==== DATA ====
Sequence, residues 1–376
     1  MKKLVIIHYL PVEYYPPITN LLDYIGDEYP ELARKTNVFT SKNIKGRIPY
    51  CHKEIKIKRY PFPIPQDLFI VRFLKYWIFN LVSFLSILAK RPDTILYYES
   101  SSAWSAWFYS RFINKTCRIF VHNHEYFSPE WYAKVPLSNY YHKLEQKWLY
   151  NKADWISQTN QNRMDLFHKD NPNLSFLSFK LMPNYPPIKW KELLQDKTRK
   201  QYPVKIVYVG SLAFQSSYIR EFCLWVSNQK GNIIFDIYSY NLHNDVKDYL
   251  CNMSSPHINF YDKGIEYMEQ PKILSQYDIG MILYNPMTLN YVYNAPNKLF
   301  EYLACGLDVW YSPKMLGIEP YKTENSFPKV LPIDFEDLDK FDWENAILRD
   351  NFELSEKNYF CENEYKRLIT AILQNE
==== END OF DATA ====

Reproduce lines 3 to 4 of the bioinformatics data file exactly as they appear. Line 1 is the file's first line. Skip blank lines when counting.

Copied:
    51  CHKEIKIKRY PFPIPQDLFI VRFLKYWIFN LVSFLSILAK RPDTILYYES
   101  SSAWSAWFYS RFINKTCRIF VHNHEYFSPE WYAKVPLSNY YHKLEQKWLY